The family of a teen killed at a bar in Sexsmith hopes sharing their experience will help lead to changes to the justice system. 18 year old Donald Moberly was fatally stabbed at the Sexsmith Hotel’s Alamo Bar in the early morning hours of October 25, 2015, and passed away in hospital.
A group gathered outside the Grande Prairie courthouse Tuesday afternoon to talk about the case and others involving Indigenous people like Joey English, Cindy Gladue, Colten Boushie, and Tina Fontaine. Community member Walter White says it’s time for a shift in the way Indigenous people are viewed.
“It’s one of those horrible events; there’s no justice. The guy admitted to it, [there was] video evidence of him doing it, and for anybody else it would be a slam dunk case.”
Members of Moberly’s family also shared their stories, saying they felt they didn’t have a voice in the trial. His mother MaryLynne Moberly expressed despair that no one has been held responsible.
“A stranger’s actions took my son’s life away. Twelve other strangers said that was okay, but the worst pain of all is the reality, the end result of that one night: if I want to kiss my son, I have to kiss that box,” she told the crowd, referring to a carved box on display along with photos of Moberly.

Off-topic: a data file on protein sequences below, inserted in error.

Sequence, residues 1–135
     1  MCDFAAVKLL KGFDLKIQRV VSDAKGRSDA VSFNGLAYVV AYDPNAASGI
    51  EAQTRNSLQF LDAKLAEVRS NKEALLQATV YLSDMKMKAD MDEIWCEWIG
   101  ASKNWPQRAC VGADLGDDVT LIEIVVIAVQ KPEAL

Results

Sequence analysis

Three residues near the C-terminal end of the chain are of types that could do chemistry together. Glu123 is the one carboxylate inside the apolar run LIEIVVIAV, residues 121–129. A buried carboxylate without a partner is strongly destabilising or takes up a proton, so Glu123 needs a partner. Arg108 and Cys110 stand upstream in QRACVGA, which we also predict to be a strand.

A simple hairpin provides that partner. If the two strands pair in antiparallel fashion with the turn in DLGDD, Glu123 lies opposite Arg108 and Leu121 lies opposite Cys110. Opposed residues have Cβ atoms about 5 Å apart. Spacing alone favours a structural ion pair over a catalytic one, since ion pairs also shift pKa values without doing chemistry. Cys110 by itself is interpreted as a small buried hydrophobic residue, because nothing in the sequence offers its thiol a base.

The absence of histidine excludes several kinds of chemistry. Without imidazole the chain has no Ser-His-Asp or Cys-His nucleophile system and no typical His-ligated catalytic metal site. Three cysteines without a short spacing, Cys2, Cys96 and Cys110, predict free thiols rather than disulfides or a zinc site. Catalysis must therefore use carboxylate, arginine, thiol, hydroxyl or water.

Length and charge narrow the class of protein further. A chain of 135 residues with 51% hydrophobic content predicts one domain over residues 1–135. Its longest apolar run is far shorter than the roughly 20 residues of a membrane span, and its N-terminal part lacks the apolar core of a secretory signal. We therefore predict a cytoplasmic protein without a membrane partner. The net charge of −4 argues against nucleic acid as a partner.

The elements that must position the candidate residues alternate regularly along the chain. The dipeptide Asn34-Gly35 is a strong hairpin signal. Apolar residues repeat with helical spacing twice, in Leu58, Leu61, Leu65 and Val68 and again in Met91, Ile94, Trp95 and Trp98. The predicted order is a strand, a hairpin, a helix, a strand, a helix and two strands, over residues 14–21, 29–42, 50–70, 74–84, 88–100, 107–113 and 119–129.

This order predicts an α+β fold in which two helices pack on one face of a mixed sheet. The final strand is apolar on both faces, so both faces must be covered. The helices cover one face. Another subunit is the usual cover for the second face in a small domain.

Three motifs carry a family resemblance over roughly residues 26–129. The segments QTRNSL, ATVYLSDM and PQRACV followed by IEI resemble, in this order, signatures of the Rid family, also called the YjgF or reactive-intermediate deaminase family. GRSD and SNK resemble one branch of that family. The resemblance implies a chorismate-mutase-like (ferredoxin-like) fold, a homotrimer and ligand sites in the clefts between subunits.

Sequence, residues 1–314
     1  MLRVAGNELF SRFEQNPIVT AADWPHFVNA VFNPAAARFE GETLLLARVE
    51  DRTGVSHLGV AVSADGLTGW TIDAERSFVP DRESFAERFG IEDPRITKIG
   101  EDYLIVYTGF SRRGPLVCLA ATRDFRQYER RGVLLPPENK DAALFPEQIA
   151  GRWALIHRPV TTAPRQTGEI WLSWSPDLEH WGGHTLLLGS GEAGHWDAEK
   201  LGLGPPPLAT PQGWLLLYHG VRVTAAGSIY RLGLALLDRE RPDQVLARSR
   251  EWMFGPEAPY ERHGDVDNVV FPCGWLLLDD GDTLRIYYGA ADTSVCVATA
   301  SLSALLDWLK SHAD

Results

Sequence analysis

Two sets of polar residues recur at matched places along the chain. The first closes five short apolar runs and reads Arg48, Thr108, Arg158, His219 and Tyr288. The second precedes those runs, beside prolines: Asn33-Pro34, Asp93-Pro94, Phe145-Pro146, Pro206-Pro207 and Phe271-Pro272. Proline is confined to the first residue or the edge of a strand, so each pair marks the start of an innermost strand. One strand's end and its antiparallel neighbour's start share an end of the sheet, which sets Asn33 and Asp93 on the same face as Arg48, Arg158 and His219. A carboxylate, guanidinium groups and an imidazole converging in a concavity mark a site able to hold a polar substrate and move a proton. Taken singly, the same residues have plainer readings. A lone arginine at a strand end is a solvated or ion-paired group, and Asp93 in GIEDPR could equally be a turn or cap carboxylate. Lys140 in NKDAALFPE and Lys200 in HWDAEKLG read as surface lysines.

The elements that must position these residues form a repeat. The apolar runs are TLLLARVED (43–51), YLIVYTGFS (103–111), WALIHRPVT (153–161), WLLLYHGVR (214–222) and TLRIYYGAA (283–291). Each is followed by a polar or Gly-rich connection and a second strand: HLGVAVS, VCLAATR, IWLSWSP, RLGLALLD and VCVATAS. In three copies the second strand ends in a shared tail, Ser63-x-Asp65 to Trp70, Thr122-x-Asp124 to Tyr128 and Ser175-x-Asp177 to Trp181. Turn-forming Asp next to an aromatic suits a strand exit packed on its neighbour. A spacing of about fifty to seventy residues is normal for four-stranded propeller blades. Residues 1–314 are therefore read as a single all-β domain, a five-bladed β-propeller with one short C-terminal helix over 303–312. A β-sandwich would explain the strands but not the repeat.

“I know that right now he would want this to happen to make a difference,” Moberly’s sister Courtney Moberly added. “I used to be ashamed of being Aboriginal; I used to wish I wasn’t… but I’m proud to be Aboriginal now.”
The stabbing sent three other young men to hospital, and a Canada-wide warrant was issued for the suspect. Jordan Joseph Wendland was arrested three days later in Chilliwack, B.C. and was charged with one count of second degree murder and three counts of aggravated assault. A preliminary hearing in September 2016 determined Wendland would be tried for manslaughter instead of the murder charge, and a nine day jury trial in Grande Prairie resulted in the not guilty verdict on all four counts.
Moberly’s brother Jeremy Moberly and cousin Trenton Dougall were also hurt in the fight, along with Liam Francois. Dougall’s aunt Angela Dougall believes that if there had been any Indigenous people on the jury, or if the trial had been held in front of a judge, the outcome would have been different. Moving forward, she’d like to see families of victims given more say in what charges are laid, and better consideration to cultural backgrounds during jury selection.
“It is supposed to be your peers and that wasn’t an option for us.”
Dougall hopes her nephew is remembered as a young man involved in the Indigenous community who loved spending time with his friends and is extremely missed by many.
“Donald had the type of smile that would light up a room. He loved quadding and mud bogging; he was that person that you never would forget.”